Last September, my wife Cassidy and I honeymooned at a cabin nestled in the forests, rolling hills, and cornfields of Wisconsin. After enjoying a week together, nine of our brothers bombed our honeymoon!

Now for those of you who think it strange for your brothers hijack your honeymoon, relax and take a deep breath.

To clarify, WE actually invited THEM over!!! On their way to Family Camp, they joined us for Sunday church, food, fellowship, and fun at our cabin. In the church service, we gave each of them varying responsibilities, from preaching, to song-leading, to ushering, to prayer, to announcements. They were thrilled to be there!

There’s absolutely no one else we would rather have had over that day. We were reminded how grateful we were to have brothers who treasured sibling relationships.

They are not simply our brothers. They’re our best friends.

Deep family relationships are declining in America. Ask the average American who their best friend is and they will likely answer their friend from school, church, work, or social media. They probably won’t tell you their best friend is their youngest brother.

This is not how God designed family relationships to be.

In this post we’ll examine seven reasons why lasting sibling relationships are worth building. They may be more important than you think.

1. Your Future Family

Galatians 6:7 tells us, “Be not deceived, God is not mocked, for whatsoever a man soweth that shall he also reap.” You will likely treat your future spouse and children just as you treated your own siblings and parents.

If you exercise selfishness, bitterness, and ingratitude at home, you will exercise those same character traits with your own spouse and children. If you have no time for your siblings today, how will you have time for your own family tomorrow?

J.R. Miller, the great nineteenth century family commentator noted, “If he is not a true gentleman to his own sisters, can he be at heart a true gentleman to any other woman?” Likewise, a sister will likely treat her future husband in the same way that she treated her father and brothers. If you’re still single, are you treating your siblings today how you wish to treat your spouse and children tomorrow?

Will you prepare for your own future family by blessing your siblings today?

2. Your Example to Your Siblings

The apostle Paul charged Timothy, “Let no man despise thy youth, but be thou an example of the believers, in word, in conversation (living), in charity, in spirit, in faith, in purity” (I Timothy 4:12).

Like my brothers, I used to always comb my hair down till my older brother Mitchell became the first in the brotherhood to experiment with a creative hairstyle. Around age 18, he began combing his hair up, or as we called it, in a “poof”. Today, I and all of brothers use that same hairstyle, with the exception of my brother Taylor, who prefers a buzz.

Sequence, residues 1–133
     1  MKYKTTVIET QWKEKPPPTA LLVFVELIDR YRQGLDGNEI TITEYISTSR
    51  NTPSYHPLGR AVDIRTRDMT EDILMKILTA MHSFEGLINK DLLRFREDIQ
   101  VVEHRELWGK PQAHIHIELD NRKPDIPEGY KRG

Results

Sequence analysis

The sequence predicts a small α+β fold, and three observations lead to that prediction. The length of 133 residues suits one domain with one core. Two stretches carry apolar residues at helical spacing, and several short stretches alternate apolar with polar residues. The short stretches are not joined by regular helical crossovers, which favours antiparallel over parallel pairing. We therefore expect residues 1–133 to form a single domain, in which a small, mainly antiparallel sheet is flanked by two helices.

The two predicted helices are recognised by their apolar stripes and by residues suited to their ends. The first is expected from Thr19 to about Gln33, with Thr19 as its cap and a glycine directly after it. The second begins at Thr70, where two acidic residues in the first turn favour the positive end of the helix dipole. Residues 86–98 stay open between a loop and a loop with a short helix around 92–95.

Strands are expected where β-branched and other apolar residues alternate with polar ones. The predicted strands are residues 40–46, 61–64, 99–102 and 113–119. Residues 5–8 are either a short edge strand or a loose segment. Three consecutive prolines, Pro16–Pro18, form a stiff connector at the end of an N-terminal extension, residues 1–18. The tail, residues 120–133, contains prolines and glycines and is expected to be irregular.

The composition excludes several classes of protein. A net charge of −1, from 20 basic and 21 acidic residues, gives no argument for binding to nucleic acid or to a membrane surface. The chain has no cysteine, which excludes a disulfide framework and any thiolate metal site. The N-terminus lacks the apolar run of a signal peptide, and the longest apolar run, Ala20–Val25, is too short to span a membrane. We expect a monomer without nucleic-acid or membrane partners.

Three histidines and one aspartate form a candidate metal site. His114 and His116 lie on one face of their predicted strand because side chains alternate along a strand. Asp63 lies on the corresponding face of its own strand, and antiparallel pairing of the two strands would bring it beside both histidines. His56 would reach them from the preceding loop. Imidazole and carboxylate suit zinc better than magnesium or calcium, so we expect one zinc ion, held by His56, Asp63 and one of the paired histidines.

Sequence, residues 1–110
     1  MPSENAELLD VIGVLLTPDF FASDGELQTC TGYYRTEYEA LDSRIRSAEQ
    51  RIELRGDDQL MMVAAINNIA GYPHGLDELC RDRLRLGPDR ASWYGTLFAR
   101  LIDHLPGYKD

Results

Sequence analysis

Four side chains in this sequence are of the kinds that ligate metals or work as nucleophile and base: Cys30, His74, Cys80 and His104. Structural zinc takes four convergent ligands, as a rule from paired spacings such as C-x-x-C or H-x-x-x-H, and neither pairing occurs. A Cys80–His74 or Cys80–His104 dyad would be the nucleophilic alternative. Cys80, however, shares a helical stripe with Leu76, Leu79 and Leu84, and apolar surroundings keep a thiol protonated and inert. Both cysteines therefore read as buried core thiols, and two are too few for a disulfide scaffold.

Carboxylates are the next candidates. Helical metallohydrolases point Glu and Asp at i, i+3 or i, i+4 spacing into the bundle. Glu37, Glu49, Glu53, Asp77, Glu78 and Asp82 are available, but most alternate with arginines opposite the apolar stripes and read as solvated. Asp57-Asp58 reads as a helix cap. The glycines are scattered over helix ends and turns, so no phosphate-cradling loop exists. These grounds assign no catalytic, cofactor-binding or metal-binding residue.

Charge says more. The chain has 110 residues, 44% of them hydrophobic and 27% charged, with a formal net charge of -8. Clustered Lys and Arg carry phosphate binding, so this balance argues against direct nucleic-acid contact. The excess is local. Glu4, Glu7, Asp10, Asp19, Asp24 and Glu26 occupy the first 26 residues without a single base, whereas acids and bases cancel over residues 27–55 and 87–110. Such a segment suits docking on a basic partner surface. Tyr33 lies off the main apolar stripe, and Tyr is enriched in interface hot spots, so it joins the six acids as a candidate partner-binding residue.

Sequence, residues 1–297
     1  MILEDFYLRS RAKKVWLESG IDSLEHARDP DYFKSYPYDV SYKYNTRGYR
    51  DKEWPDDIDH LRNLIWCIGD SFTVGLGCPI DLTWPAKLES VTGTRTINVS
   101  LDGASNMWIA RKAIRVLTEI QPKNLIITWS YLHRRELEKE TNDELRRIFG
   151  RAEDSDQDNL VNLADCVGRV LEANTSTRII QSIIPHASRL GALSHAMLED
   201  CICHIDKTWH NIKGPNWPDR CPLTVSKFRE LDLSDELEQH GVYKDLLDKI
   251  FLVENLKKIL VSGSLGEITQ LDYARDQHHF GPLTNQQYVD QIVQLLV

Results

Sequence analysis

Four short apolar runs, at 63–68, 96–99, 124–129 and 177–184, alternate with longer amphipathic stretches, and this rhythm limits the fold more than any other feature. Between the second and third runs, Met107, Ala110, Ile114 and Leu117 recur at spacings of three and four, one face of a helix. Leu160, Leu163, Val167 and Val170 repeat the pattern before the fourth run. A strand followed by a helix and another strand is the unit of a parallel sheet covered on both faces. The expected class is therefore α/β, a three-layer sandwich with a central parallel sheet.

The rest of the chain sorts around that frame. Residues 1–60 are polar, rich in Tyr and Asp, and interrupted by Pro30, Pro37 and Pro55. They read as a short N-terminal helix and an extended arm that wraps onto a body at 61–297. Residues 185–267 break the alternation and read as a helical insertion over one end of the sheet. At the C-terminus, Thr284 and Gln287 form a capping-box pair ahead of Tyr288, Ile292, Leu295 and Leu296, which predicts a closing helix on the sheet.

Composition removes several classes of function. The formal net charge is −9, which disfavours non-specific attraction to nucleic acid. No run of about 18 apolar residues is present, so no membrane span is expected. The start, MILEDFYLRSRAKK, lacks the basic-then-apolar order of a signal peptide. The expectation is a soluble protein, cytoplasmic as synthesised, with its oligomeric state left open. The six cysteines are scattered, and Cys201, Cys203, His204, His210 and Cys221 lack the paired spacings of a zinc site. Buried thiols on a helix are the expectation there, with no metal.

Though we often overlook it, our siblings emulate us more than we think. Every day, you are leaving examples to your siblings. Are they good or a bad ones?

God did not give you your siblings by accident. If you wisely steward your God-given influence you can encourage your younger siblings to love God’s Word, develop godly character, and wisely spend their younger years.

Your siblings should see in you an example worth following. As Paul beseeched the Corinthians, “Be ye followers of me, even as I also am of Christ” (I Corinthians 11:1).

Young lady, would you be satisfied if your brother married someone like you? Young man, would you be satisfied if your sister married someone like you?

3. Your Future Life Relationships

In His wisdom, God placed diverse personalities within a family so that siblings could learn to get along with every type of person in life.

The family is a smaller reflection of the larger body of Christ described in I Corinthians 12. Paul notes that “the body is not one member but many” (I Corinthians 12:14) and that each member has differing parts.

In a sense, God gave family as a training ground for real life. Learning to love our siblings is more important than we often realize, because bad siblings relationships can affect us our entire life.

In their book, “A Father’s Reward,” Phil Downer and Jerry MacGregor describe what happens when siblings don’t learn to get along with one another.

They are not learning to live together as a family. The kids are growing up with so much protection from personal relationships that no one really knows what is going on inside their heads. Instead of being eager to maintain unity, the children never learn to be unselfish. Rather than working out their differences and conflicts with their siblings, they simply pack stuff between each other, so they do not have to deal with one another.

We are delivering into the Christian community people who are inept at dealing with relationships, incompetent at resolving conflicts, and unable to reach other people with God’s love. They are consumers, nothing more.